New leadership. Referring to US energy policy as a “battle” demanding “great leaders,” Granholm said she was “delighted to announce that the DOE has appointed Jigar Shah – a clean energy pioneer who helped integrate solar power into the mainstream – to manage the loan. program unit. Shah – who wrote the handbook on how to bring clean energy to market – will oversee $ 40 billion in loans that are now available to support clean energy projects. Shah is a longtime clean energy champion in entities like SunEdison and Generate, which build and fund sustainable energy projects. To bring these emerging technologies to life, we are going to need hundreds of skilled workers to implement the new technologies to build a new US energy economy. To help those working in the coal and petroleum industries, we have opened an Energy Jobs Office to help these workers translate their skills into new clean energy jobs. “

However, she also acknowledged that the pace of the transition has raised concerns within the oil and gas industry about the scale of potential job losses in the sector. “I’m not going to understand how difficult the transitions are. I saw it with my own eyes, as governor of Michigan, when people lost their jobs through no fault of their own, ”said Granholm, while asserting that the skills could be transferred to the boom industries promised from the United States. wind and geothermal development. “This is our opportunity to better rebuild the energy economy, in a way that uplifts communities that have felt invisible, abandoned or left behind for too long,” she said, through clear opportunities to create clean energy jobs. “This also includes communities of color, which have been particularly affected by air pollution and high energy prices,” she noted, and who are often “the first and worst” affected. by the climate emergency.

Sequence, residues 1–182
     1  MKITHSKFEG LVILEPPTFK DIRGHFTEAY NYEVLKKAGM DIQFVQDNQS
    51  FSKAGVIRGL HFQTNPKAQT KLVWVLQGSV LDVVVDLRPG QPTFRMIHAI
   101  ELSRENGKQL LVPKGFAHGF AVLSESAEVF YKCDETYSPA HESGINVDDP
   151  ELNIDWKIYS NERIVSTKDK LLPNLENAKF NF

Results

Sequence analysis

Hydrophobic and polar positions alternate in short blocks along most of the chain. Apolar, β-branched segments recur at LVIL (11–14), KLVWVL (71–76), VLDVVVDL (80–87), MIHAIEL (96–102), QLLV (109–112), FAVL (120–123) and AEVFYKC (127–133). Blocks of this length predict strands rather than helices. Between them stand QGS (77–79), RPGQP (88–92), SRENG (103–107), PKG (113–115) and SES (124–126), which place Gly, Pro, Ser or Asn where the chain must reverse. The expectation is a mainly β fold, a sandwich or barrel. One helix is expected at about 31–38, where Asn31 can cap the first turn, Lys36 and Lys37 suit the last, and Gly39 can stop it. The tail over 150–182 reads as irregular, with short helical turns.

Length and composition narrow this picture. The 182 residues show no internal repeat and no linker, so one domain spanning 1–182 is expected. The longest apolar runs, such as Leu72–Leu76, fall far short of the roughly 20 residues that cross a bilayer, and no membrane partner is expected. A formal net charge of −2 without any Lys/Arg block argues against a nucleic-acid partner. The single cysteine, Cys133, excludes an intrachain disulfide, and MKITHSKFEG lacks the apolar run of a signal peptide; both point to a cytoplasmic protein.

Texas power grid. Granholm then focused his attention on combating the freezing storms that hit Texas, resulting in energy losses for millions of people. Granholm warned, “It’s a sign of what’s to come. There will be events like this happening more frequently, and we need to think about the resilience of the network, even if you live in hot places. Granholm heeded his warning that the crippling Texas winter storm will not be just a “one-off,” urging state lawmakers to consider connecting its grid to that of its neighbors. Texas’s isolated grid, which cannot take or supply electricity to neighboring states, has been reported as one of the causes of the scale of power outages, reducing its flexibility to pull power from other sources. “While I understand the philosophy of ‘going it alone’, there is also a philosophy of helping your neighbor, too,” said Granholm.